According to a fresh survey by Indian online wholesale marketplace Wydr, manufacturers and retailers across India are still grappling with issues related to GST, even nine months after the rollout.
As per the observation, close to 57 percent of the respondents who are representing manufacturers, wholesalers and retailers admitted that they are yet to fully understand the working of GST, while nearly 19 percent of all respondents (or one in five) said they still do not understand GST at all.
A total of 130 respondents participated in the Wydr survey, where questions were posed on how the GST regime has impacted their business.
Devesh Rai, Founder and CEO at Wydr in a press statement said,
The scale of implementation for the GST is unprecedented anywhere in the world, which naturally leads to some challenges and teething troubles in the first few months. The survey’s results demonstrate that even though significant progress has been made in GST rollout, the administration needs to enhance its focus on educating small and medium business owners across India.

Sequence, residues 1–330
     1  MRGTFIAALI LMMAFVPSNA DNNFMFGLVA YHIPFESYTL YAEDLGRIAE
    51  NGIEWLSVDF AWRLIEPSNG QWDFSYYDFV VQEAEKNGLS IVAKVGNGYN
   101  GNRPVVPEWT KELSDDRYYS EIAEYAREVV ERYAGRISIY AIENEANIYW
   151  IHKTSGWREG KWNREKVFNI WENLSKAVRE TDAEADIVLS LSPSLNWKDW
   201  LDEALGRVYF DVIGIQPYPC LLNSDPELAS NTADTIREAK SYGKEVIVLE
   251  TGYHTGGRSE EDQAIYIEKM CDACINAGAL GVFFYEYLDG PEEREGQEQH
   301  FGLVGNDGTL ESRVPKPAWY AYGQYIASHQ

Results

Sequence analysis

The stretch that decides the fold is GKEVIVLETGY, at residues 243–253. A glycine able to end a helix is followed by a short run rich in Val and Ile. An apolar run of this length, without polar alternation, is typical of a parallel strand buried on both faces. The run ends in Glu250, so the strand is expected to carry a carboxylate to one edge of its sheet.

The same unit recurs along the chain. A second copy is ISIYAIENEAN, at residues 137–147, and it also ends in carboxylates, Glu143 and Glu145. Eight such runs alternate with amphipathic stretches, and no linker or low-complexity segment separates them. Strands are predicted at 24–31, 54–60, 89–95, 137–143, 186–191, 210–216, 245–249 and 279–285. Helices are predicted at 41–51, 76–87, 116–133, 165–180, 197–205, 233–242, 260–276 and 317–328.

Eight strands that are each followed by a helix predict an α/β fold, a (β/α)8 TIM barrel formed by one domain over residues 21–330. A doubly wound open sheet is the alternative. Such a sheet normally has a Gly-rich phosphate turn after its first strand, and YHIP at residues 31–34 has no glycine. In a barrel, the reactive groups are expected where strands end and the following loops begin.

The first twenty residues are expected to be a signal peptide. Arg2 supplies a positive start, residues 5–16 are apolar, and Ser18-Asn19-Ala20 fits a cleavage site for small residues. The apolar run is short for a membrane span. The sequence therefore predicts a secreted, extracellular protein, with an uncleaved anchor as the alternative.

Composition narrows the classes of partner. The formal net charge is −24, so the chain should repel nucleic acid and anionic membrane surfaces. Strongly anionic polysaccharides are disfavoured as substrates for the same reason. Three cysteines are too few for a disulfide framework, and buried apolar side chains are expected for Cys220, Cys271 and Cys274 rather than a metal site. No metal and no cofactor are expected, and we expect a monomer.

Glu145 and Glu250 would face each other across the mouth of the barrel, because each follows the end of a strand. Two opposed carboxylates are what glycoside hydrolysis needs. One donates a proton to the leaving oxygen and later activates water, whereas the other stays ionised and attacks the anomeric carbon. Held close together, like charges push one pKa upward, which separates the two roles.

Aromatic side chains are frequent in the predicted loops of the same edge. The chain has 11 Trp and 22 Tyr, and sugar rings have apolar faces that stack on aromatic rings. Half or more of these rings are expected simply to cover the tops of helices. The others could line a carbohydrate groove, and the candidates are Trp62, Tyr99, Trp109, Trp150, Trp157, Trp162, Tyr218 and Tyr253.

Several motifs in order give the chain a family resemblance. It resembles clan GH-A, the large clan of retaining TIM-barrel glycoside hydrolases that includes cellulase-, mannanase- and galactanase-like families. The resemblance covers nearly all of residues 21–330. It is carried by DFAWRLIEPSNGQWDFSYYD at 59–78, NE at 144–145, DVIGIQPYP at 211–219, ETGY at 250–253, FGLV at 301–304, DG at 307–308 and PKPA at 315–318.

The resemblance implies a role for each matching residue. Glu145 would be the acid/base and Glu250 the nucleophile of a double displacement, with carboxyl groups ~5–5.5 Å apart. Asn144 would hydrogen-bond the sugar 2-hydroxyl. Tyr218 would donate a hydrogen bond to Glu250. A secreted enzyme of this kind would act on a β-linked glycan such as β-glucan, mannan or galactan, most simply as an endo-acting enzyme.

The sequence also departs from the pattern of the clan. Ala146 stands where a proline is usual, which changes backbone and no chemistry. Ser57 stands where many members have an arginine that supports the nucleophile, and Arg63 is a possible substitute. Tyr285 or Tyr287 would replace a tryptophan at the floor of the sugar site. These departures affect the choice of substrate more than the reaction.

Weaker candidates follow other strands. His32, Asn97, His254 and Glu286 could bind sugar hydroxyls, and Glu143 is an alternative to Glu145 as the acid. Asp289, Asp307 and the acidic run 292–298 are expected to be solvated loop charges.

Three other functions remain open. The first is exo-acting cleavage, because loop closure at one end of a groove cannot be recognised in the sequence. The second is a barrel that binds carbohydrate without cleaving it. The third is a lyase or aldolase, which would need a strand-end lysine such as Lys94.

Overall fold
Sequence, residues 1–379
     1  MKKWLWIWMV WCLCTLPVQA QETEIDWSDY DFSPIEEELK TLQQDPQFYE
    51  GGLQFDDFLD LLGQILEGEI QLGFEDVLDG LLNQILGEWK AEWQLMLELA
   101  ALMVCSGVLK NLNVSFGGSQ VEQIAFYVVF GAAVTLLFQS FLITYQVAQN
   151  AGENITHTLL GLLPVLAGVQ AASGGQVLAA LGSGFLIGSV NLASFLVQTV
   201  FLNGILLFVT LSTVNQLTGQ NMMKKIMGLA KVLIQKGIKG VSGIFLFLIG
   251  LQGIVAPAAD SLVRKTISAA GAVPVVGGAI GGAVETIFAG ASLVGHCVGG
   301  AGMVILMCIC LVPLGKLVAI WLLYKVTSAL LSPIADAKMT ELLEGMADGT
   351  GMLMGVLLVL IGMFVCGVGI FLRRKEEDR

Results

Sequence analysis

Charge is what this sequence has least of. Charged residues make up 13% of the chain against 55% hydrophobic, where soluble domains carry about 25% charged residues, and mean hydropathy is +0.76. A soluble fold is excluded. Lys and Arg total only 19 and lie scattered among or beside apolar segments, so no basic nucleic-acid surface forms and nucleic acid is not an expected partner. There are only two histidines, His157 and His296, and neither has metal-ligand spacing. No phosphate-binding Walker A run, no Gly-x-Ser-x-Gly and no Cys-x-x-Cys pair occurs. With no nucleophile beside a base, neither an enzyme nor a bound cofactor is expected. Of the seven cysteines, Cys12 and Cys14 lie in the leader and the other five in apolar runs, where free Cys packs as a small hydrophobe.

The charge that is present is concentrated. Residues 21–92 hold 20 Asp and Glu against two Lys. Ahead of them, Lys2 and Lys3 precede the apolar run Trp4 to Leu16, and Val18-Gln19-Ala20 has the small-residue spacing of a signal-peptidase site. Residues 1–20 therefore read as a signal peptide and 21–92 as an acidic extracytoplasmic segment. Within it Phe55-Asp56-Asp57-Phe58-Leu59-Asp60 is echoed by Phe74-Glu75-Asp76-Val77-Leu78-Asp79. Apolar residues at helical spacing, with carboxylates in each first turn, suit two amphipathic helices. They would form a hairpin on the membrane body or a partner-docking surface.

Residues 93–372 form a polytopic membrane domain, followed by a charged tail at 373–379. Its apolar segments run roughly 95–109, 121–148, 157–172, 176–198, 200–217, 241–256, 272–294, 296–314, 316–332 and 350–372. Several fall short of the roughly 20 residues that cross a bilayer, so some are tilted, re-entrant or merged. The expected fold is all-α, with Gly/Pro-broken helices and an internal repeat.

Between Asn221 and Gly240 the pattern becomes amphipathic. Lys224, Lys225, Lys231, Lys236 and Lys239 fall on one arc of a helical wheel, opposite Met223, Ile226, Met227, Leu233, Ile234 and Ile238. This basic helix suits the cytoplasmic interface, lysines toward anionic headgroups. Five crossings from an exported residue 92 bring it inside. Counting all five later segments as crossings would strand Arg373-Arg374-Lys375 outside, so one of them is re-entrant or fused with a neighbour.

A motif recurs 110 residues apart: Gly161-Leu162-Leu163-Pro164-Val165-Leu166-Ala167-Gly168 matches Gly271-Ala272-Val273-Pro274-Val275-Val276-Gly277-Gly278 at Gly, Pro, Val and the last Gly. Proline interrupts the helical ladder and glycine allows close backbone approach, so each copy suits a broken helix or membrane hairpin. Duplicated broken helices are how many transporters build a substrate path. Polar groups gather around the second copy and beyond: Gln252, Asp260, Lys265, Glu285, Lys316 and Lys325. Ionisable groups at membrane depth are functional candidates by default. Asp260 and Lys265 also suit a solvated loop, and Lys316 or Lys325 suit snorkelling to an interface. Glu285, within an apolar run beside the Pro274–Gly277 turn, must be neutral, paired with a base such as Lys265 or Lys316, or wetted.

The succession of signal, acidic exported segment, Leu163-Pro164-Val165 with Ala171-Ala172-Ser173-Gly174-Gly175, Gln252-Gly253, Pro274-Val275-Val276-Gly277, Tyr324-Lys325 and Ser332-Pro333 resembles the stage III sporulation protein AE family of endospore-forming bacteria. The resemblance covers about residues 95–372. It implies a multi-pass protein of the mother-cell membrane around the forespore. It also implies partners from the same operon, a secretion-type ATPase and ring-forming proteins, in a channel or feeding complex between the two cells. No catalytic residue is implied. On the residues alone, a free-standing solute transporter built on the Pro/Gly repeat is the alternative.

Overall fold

The survey further suggested that more than 53 percent of the respondents admitted to having experienced a decline in their sales and revenues post the introduction of GST, while a mere 25 percent said that the impact on sales was positive.
About 26 percent said they saw a decline in profits by more than 30 percent post-GST regime. More than 55 percent respondents are unsure or believe that GST is not good for their businesses in the long run.
Devesh further said that those businesses whose annual sales cross a threshold of Rs 1.5 crore fall under the full GST, and are thus liable to remit GST and eligible to deduct input tax credit, which does increase the complexity.
“Firms don’t just need to apply the correct rate, but also have to match invoices of their outputs and inputs in order to be eligible for full input tax credit, which increases compliance costs further. However, the government is working towards minimising the issues. It has not even been a year since the tax system has been implemented and considering the scale of implementation, I think we are much better off,” Devesh said.
Nearly 30 percent believe that GST is not a simplified tax structure and still requires a lot of understanding, while more than 55 percent said they do not get GST-related help easily, which indirectly hinders their progress.
However, about half of the respondents agreed with Wydr that GST has opened up scope for expanding their business in other states of the country.